Benin and other West African kingdoms

West Africa has been home to some great kingdoms and empires. The earliest of these kingdoms belonged to the Nok people. They were farmers, potters and metalworkers who settled near the River Niger around 500BC.

The kingdom of Ife developed in the rainforest in the 600s. Its art and religion influenced the culture of Benin, which began in the 900s and reached the height of its power between the 1400s and the 1600s.

Between 700 and 1600 there were three great empires in the centre of West Africa: Ancient Ghana, Mali and Songhai. They all grew immensely rich by trading in gold. One of the last great kingdoms was Asante. It was founded around 1700. The Asante people were famous for their work in gold.

Explore the map below to find out more about the kingdoms of West Africa.

What kind of art did people create?

The people of West Africa were skilled potters and metalworkers. Some of them worked with brass and some with gold.

Potters in the kingdom of Nok made sculptures from a type of clay called terracotta. They created figures of men and women with very large heads. Many of the figures had elaborate hairstyles and wore delicate jewellery.

The kingdom of Ife was famous for its sculptures made from brass. Brass-workers made figures of gods, humans and animals.

In the Asante kingdom, goldsmiths made ornaments to show off the wealth of their king. The king wore golden necklaces, rings, bracelets and anklets. He even had a pair of gold castanets attached to his thumb and first finger. The king clapped the castanets together when he wanted people to listen to him!

Brass workers in the kingdom of Ife were famous for their sculptures. This sculpture shows the head of an Ooni (ruler) of Ife.

Who was Mansa Musa?

Mansa Musa was a Muslim king of Mali. He ruled from around 1280 to 1340. Arab writers met him when he made a pilgrimage to the Muslim holy city of Mecca. They were amazed by his wealth.

Mansa Musa travelled to Mecca with a procession of 60,000 men and 12,000 slaves. Each of the slaves carried a heavy gold bar. He also took 80 camels loaded with sacks of gold dust. Musa gave away gold to all the poor people he met on his route.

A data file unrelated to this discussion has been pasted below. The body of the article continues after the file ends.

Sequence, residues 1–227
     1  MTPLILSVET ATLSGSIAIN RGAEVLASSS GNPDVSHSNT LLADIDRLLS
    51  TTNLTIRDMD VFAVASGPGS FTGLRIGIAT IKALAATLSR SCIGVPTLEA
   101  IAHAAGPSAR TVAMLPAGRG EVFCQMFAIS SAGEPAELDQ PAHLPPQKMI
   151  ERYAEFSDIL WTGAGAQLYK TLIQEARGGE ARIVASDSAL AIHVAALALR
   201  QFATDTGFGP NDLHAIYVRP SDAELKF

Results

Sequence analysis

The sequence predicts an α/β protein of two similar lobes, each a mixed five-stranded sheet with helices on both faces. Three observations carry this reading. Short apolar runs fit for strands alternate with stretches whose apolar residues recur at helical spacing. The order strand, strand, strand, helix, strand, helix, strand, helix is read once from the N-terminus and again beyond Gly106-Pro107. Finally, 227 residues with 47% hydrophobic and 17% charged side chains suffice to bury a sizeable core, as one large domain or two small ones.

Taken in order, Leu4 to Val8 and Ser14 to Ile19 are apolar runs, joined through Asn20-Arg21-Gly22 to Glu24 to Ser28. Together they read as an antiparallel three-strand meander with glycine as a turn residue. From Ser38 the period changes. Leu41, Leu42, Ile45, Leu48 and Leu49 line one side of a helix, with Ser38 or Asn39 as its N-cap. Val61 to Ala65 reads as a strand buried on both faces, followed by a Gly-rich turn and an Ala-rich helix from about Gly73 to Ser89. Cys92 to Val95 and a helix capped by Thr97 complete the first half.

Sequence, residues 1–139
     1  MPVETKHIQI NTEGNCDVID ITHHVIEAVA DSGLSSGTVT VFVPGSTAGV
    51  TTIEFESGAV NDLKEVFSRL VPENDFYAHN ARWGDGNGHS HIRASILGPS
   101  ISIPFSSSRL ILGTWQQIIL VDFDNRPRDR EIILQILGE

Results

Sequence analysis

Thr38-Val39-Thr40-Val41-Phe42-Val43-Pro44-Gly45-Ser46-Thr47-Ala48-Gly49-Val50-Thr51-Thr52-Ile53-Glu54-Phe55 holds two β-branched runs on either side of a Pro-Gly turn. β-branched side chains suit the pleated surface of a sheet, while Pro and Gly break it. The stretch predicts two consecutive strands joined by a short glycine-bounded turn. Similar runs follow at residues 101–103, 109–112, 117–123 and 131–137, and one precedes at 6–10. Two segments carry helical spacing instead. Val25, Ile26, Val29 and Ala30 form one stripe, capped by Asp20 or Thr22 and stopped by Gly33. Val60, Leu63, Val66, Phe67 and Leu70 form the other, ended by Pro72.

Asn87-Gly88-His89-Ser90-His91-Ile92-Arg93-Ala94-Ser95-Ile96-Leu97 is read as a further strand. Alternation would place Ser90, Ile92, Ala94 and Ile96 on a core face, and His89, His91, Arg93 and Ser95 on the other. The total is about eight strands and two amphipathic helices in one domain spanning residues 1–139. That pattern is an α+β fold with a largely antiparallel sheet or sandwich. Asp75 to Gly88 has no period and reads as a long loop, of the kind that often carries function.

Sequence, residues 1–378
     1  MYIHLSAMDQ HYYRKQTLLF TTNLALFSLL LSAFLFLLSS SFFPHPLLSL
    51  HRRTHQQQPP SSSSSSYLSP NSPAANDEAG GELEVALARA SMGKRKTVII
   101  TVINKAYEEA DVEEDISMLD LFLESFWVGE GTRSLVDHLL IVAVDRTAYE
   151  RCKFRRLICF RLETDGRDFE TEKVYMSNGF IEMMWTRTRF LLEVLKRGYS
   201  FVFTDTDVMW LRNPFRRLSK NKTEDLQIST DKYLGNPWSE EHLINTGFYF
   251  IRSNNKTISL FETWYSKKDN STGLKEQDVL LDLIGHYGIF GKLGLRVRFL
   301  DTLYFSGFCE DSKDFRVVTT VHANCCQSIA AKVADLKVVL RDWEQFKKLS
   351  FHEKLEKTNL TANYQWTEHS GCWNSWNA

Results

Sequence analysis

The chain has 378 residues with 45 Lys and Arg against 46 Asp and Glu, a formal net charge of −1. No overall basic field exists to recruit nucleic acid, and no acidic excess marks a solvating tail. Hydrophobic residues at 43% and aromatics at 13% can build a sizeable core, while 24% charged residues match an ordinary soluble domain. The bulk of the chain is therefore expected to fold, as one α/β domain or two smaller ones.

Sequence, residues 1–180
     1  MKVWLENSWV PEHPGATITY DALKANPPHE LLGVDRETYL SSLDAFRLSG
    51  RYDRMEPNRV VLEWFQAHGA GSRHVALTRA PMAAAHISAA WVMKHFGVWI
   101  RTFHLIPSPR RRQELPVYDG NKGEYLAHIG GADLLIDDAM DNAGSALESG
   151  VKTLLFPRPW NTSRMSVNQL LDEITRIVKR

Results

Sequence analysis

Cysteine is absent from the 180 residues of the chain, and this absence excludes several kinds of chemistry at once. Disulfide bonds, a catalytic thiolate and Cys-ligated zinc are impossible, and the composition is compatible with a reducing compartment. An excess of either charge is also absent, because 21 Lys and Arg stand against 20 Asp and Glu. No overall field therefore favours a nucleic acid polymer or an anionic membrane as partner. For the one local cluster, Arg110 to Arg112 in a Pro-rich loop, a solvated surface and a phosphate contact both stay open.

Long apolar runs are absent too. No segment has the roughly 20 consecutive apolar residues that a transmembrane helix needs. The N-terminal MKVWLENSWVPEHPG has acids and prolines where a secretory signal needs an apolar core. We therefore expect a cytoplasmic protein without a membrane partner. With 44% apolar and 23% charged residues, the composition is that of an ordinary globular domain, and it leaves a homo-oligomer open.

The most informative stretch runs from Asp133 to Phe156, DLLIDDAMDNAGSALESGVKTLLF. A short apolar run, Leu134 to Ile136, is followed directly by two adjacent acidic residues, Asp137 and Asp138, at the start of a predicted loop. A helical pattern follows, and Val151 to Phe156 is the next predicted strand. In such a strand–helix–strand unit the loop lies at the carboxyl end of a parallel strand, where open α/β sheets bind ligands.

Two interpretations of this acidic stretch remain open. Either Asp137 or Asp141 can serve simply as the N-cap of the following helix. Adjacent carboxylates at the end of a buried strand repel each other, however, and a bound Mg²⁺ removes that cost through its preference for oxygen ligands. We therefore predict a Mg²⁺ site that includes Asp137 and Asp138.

Mansa Musa brought back Arab teachers and architects to Mali. He built many mosques and schools in the cities of Timbuktu and Gao. The buildings had colourful domes and their doors and windows were covered with gold. Some of these buildings survive in Timbuktu today, but they have lost their golden decorations.

This map shows Mansa Musa with an Arab traveller. Mansa Musa is wearing a golden crown and holds a large gold coin in his hand.
In 1352, an Arab traveller called Ibn Battuta visited Mali. He arrived at the city of Niani where Mansa Suleyman, grandson of Mansa Musa, had his palace. Suleyman was not a great ruler like Musa, but he lived in style! Find out what Ibn Battuta saw.

What happened to the African kingdoms?

Most West African kingdoms slowly came to an end. Then new African kingdoms grew up to take their place. However, some kingdoms were taken over by European countries.

By the 1890s, many countries in Europe were competing for land in Africa. They wanted to gain control of valuable trading goods, such as gold, oil and rubber. Britain and France both wanted land in West Africa.

In 1897, Benin became a British colony. Asante was declared a British colony in 1902. This marked the end of the great West African kingdoms.

Until the 1950s Africa was ruled by European countries, but then things started to change. Over the next 30 years, more than 40 African countries won their independence. Today, the ancient kingdom of Benin is part of Nigeria and Asante is in Ghana.

Today, the Asante people still remember their ancient traditions. They hold special ceremonies called durbars. This photograph shows an Asante chief at a durbar.